By Daniel Martin and James Chapman
Anger at aid to help Africa cope with climate change: As UK faces economic meltdown, ministers hand over £330m
Hundreds of millions of pounds of taxpayers’ cash is to be poured into Africa to help it cope with the impact of climate change.
The £330million handout will be spent over the next four years on schemes to install solar power plants and encouraging investment in low-carbon transport.
One of the main beneficiaries will be South Africa, a country which is prosperous enough to have its own space agency.
Chris Huhne, the Lib Dem energy secretary, will unveil the foreign aid package at a United Nations summit on climate change which opens today.
The largesse will fuel criticism from Tory backbenchers over David Cameron’s promise to increase UK spending on aid at a time when public services in Britain are facing swingeing cuts.
Philip Davies, Tory MP for Shipley, said: ‘It is completely unjustifiable to spend so much money at a time when we’re reducing the number of police officers in this country.’
Fellow Tory MP Peter Bone said: ‘What makes it worse is that much of the aid budget is spent on things that are not really benefiting developing countries. The answer is trade, not aid.
But Mr Huhne is pressing ahead with spending taxpayers’ money promoting green policies in the rest of the world.
In the second week of the UN climate change conference in the South African city of Durban, he is expected to say the aid will go towards a variety of anti-climate change schemes, such as helping African farmers protect their crops against flooding and drought, installing solar panels in villages, and building slurry pits to produce gas for generators.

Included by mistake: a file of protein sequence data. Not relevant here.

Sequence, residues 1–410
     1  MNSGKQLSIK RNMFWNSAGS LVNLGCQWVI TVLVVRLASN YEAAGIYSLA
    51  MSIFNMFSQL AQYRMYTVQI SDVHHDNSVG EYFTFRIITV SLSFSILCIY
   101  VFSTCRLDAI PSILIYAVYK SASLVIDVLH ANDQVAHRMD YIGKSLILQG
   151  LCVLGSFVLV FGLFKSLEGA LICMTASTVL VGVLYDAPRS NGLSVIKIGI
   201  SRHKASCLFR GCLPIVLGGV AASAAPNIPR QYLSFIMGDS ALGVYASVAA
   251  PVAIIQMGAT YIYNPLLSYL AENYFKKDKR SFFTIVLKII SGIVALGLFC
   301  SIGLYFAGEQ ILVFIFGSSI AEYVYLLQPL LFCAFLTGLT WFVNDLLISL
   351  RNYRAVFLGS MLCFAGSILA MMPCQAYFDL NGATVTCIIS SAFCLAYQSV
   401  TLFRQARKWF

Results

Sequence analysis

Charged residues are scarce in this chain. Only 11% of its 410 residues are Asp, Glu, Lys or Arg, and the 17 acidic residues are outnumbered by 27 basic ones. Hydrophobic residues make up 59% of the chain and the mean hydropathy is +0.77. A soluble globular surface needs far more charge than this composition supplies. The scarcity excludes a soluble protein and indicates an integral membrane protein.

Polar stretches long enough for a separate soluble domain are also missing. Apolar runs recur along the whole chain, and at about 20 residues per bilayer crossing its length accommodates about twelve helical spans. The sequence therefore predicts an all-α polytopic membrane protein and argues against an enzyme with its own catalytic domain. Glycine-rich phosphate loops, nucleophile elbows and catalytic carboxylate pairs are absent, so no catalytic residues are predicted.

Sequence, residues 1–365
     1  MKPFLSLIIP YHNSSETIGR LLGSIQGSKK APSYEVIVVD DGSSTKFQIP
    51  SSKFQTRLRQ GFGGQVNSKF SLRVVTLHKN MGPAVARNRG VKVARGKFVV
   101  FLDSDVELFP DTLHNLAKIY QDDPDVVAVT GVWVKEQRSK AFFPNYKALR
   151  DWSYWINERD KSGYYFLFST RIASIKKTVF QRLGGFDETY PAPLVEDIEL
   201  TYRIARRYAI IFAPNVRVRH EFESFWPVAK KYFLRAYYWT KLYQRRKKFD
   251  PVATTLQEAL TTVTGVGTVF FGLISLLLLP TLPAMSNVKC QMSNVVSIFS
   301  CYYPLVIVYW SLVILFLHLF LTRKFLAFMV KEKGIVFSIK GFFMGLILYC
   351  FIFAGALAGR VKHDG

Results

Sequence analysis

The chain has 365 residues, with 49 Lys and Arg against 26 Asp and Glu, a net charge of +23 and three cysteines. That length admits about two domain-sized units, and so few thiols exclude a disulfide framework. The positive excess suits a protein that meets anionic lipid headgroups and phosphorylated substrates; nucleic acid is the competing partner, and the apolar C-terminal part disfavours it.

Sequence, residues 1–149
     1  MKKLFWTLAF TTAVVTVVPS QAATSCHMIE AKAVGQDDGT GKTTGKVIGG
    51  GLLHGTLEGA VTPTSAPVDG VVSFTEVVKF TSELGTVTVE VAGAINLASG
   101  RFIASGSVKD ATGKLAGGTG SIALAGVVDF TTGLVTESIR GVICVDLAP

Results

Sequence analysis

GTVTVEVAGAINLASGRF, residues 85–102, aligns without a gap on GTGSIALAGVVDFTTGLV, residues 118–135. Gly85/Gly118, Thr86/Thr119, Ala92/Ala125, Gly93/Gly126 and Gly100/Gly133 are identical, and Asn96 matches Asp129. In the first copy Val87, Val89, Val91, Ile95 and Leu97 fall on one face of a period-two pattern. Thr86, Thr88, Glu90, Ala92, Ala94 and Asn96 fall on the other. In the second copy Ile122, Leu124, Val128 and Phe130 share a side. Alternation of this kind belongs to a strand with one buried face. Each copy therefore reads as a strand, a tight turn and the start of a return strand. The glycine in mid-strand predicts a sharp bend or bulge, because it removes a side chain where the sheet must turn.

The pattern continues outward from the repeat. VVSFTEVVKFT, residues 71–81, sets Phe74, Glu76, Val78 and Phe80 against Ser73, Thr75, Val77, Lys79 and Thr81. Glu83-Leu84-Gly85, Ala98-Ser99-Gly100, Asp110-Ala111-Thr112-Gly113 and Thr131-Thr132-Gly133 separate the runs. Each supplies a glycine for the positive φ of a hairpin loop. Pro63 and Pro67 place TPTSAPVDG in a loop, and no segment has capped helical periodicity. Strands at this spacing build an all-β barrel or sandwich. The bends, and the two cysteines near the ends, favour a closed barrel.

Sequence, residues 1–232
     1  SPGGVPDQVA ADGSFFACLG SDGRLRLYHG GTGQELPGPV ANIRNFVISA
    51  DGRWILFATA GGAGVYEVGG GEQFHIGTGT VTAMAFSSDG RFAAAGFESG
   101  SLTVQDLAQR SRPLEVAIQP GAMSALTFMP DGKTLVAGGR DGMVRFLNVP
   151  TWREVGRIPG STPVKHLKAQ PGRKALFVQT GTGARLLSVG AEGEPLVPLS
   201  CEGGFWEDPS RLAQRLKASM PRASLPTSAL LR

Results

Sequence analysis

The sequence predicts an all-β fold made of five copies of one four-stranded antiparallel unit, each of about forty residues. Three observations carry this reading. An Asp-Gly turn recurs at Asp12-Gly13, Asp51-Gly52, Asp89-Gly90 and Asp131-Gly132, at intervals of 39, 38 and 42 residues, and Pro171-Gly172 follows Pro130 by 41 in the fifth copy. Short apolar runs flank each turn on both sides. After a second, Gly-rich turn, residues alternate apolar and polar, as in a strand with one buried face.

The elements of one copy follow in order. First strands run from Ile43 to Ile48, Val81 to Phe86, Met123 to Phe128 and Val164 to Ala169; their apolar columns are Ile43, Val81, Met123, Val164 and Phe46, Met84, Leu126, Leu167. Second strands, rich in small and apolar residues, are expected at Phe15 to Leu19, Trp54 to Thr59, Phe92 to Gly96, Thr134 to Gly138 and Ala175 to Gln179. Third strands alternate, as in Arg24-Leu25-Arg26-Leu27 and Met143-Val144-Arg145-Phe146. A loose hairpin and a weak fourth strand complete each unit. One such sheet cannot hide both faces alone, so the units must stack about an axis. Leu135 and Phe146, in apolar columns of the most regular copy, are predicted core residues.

Projects to target illegal logging in tropical forests will also get cash.
Ethiopia and Rwanda are expected to benefit, as well as South Africa, the most developed country on the continent with an economy which grew far faster than Britain’s last year.
It is not known whether the money will go straight to governments or whether it will be channelled via charities and companies.
Some £282.5million has already been allocated towards aid for foreign climate-change projects. But next week’s announcement will see hundreds of millions more allocated to African climate-change projects by 2015.
Last night critics questioned whether so much money should continue to be ploughed into Africa, where aid money has a history of disappearing as a result of corruption. Just last week, an independent watchdog found that the rapid expansion of Britain’s international aid programme has left it increasingly exposed to fraud.
Julian Morris, president of the London-based think tank International Policy Network, said Mr Huhne’s announcement would be seen as a ‘bribe’.
‘The timing seems to be a cynical move by the British Government,’ he said.
‘It suggests this is an attempt to bribe African governments to sign up to whatever deals the British Government wants them to sign up to in Durban. The money will almost certainly go to foreign governments and do little to improve the lot of the poor.’
Robert Oxley of the TaxPayers’ Alliance said: ‘The Government should be freezing international aid, not increasing it.
A spokesman for Mr Huhne’s Department for Energy and Climate Change would not confirm the total amount, and said it was not new money as it will be drawn from the Coalition’s fully- funded £2.9billion International Climate Fund.